Amateur astronomers, look to the skies – it’s time for another rare celestial event. This time we’re being treated to the longest lunar eclipse of the century.
A lunar eclipse occurs when the Earth passes between the sun and the moon, its shadow crossing the moon and making it appear red. In the case of this eclipse, happening when the moon is relatively far from Earth in its orbit, the moon is going to look red for a pretty long period. However unlike the “Super Blue Blood Moon” from earlier this year, the moon is going to appear quite a bit smaller this time.
The reason the moon turns red rather than disappearing entirely is due to the way the sun’s light shines through the Earth’s atmosphere. This is called Rayleigh scattering, a phenomenon that’s also responsible for the vivid red and orange colours visible during sunrises and sunsets.
How To Watch The Eclipse
The total lunar eclipse will occur on Saturday July 28 quite early in the morning. This means the moon will be quite low on the horizon, but with the right vantage point you should still be able to view the eclipse.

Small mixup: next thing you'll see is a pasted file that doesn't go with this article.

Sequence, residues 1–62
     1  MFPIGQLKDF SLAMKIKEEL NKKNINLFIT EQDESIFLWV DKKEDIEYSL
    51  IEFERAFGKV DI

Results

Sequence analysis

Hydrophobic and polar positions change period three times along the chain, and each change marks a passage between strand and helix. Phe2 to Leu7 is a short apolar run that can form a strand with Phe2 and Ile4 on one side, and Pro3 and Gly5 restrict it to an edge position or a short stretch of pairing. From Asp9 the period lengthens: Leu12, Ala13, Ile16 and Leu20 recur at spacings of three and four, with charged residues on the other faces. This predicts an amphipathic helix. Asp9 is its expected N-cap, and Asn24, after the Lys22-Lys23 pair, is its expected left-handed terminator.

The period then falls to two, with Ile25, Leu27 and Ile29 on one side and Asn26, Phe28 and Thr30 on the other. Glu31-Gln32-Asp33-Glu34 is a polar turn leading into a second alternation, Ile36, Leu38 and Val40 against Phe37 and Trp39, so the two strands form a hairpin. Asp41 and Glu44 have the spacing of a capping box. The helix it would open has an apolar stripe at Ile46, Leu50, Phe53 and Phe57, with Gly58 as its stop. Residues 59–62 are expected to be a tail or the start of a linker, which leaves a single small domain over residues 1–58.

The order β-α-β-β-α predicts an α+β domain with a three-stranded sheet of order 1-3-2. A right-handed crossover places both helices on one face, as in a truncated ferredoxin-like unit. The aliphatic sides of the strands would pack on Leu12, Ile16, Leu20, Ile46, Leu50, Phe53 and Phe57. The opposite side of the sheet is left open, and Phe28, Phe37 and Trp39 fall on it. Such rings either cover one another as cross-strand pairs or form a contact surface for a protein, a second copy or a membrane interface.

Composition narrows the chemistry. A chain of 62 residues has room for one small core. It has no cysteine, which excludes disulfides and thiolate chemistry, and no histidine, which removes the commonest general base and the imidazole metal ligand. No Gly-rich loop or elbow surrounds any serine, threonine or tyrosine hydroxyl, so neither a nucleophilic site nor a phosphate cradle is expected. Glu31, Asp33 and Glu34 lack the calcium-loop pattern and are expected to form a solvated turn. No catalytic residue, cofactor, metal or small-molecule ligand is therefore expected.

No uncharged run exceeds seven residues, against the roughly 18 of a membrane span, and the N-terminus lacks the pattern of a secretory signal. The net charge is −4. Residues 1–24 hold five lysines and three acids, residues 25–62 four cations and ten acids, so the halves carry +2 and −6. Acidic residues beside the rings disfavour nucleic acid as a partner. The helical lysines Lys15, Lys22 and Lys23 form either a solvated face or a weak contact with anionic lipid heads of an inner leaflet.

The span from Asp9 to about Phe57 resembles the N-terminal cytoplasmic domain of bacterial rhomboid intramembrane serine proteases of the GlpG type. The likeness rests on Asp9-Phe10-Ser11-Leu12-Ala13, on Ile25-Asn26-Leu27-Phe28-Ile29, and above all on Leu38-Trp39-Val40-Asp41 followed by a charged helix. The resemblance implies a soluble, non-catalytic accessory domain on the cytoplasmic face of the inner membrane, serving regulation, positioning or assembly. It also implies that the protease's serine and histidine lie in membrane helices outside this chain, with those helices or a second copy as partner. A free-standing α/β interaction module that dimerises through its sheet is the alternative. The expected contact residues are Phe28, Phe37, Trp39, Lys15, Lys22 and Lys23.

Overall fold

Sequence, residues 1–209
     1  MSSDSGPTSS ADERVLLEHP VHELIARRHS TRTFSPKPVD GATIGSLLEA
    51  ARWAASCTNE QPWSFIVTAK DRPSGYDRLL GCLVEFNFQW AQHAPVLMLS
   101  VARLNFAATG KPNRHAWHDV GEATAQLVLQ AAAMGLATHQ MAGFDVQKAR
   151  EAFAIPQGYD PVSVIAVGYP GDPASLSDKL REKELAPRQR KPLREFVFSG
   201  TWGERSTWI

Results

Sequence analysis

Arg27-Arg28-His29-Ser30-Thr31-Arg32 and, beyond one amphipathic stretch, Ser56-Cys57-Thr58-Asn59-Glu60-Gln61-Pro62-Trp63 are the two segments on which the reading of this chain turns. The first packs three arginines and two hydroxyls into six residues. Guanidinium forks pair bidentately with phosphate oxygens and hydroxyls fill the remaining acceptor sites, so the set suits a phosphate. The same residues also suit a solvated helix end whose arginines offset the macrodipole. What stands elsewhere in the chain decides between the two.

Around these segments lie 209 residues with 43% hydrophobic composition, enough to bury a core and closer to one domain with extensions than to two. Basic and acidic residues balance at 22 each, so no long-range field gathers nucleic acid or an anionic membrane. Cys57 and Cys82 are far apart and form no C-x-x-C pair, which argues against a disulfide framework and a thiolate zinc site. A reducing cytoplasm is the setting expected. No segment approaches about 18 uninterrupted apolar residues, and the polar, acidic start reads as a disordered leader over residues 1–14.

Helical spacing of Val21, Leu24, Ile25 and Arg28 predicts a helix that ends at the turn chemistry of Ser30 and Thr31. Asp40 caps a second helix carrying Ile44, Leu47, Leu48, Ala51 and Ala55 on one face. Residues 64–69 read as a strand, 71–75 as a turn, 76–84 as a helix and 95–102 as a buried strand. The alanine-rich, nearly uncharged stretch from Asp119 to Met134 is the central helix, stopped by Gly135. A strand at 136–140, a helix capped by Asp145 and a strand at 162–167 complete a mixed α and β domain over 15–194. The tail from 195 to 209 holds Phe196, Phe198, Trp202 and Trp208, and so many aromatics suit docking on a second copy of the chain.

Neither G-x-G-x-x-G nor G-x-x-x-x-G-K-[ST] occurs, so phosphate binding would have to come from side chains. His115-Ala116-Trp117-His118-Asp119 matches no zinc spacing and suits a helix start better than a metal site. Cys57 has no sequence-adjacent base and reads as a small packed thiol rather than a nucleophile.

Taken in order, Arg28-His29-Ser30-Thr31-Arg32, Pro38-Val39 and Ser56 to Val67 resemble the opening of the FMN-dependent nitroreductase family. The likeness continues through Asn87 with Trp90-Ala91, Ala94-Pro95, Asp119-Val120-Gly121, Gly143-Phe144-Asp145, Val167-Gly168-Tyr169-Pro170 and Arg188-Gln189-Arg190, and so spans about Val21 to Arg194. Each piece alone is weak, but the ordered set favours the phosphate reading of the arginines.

The eclipse will start at 3:14am AEST. At this point a shadow will begin to cross the moon, however the moon will not start turning red until 4:24am. The full eclipse will be reached at 6:21am, but at this point the moon will be quite close to the horizon. This super-long eclipse continues until 9:28am, however Eastern Australia will have no view of the moon after it sets at 6:55am.
Western Australia will have a longer view of the eclipse, with moonset not occurring until 7:17am AWST. This far west the eclipse will begin at 1:14am AWST.
Unlike solar eclipses and other rare celestial events, watching a lunar eclipse doesn’t require any special equipment or technique. Just go outside, look for the moon and enjoy – and don’t forget to rug up!